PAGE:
Sunday, March 08, 2009

The Value of Online Content

So you ‘Goole’ your company to find that Google has indexed 200,000 pages that have a reference to it.

These references have a value. Some are pages on your web site; others will be orphaned pages, some are pages that reference your organisation because you have a commercial link arrangement. Some are references in newspapers and magazines that have written about the organisation because of PR or other newsworthy activities and some will be blog post, LinkedIn references, information sharing sites, YouTube videos, Twitter mentions, social network reference and there will be a lot of others too.

Some of these references will link back to your organisation’s websites/s and many will be a mention in passing.

Individually and collectively, all these mentions have a value. They are assets even though they do not appear on the balance sheet. Without them, your organisations will be invisible to most people who want to know about your organisation and others that do have such links will have a competitive advantage.

The problem we have is finding out what this asset is worth.

Worth can only be established at a time of transaction between a willing seller and a willing buyer and as most online references are not monetary by nature we face a problem in valuation.

The big problem is in knowing the nature of the currency.

A mention of an organisation in a blog post or a visible sign in the background of a Flickr photo provide brand presence but may not have any intent to offer value (monetary or otherwise) by the publisher or, conversely, the intention may be absolutely commercial in intent.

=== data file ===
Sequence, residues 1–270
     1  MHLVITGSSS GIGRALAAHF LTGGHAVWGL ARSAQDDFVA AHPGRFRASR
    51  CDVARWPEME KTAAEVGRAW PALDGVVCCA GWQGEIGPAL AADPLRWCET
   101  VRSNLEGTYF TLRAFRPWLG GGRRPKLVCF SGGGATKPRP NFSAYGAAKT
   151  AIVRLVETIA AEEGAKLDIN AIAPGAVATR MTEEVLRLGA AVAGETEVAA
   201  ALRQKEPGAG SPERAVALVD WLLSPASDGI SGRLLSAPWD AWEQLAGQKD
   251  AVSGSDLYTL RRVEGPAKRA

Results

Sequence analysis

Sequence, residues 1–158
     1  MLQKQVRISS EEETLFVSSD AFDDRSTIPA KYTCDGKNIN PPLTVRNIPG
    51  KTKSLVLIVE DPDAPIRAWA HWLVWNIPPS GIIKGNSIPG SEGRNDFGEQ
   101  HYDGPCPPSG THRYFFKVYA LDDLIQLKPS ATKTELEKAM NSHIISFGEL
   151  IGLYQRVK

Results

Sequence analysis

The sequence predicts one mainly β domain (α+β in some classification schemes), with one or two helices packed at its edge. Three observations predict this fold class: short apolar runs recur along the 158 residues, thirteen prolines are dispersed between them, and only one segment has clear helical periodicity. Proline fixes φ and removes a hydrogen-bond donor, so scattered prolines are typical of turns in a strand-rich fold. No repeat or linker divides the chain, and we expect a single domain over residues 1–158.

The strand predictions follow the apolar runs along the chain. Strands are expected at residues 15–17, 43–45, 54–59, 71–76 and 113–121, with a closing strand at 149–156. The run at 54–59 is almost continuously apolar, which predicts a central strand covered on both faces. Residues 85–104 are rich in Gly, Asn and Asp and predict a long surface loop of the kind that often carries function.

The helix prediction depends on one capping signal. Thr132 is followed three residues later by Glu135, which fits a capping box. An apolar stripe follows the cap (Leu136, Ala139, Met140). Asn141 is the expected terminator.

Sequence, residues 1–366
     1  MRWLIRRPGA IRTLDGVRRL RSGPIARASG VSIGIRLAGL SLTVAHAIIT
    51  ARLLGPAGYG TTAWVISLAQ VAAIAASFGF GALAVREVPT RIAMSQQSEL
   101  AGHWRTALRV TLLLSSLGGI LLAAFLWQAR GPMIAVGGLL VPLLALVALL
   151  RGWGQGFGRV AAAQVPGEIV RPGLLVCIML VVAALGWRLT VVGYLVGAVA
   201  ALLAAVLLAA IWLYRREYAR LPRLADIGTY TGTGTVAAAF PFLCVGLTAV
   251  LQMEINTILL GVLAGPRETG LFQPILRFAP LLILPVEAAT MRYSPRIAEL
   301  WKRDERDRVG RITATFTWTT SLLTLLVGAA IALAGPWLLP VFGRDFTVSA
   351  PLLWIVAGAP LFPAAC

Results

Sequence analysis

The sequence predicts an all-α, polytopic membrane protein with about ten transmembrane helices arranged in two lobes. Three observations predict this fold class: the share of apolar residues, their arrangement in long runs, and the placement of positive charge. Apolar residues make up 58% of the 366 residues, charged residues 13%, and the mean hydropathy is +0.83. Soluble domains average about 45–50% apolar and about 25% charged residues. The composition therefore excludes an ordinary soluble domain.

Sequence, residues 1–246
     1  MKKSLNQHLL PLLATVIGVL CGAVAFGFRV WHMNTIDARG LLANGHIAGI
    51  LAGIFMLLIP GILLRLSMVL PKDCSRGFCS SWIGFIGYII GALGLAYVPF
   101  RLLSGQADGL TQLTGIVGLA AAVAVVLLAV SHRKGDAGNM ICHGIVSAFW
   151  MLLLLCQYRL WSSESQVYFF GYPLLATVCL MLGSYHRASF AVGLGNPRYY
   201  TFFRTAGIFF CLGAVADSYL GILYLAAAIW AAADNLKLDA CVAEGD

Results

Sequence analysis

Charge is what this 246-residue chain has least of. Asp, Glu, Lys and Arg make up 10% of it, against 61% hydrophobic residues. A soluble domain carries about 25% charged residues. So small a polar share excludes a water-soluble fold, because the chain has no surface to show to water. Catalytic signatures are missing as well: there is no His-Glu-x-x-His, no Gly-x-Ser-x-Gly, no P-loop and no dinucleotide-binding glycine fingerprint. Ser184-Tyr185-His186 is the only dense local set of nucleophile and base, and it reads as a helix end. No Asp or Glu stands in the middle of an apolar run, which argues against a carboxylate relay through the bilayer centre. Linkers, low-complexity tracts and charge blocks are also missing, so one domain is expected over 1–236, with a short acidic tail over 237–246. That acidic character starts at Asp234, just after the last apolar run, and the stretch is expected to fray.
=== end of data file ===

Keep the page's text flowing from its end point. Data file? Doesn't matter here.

In PR, we have always had a problem of converting such intangibles into monetary values. It is why some practitioners use Advertising Values, a very rough and ready (and mostly misleading) transmogrification from one set of values into another in an attempt to find a common monetary currency.

Online there are a number of transactions that have monetary value. For example, we know the cost of advertising on the web pages of newspapers. There is the value of Pay Per Click advertising which is well established as well. The price of banners and other commercial online devices are pretty easy to ascertain.

However, they have the same problem that editorial in newspapers have. They apply to advertising and only in a tiny fraction of web sites and internet channels.

 It would seem that the problem we have in identifying the value of online assets is pretty complicated.

 Working with my friend Girish Lakshminarayana  I have been looking at ways we can approach this problem and over the next few months hope to find currencies and a means of developing currency conversion that will allow us to offer robust metrics.

It will not be easy but there are some ideas that we have that make me think this is doable.

In the meantime, we will also be looking for examples of expression of relationship and the currencies that apply.

If there is PhD student out there who would like to join the fun, let me know.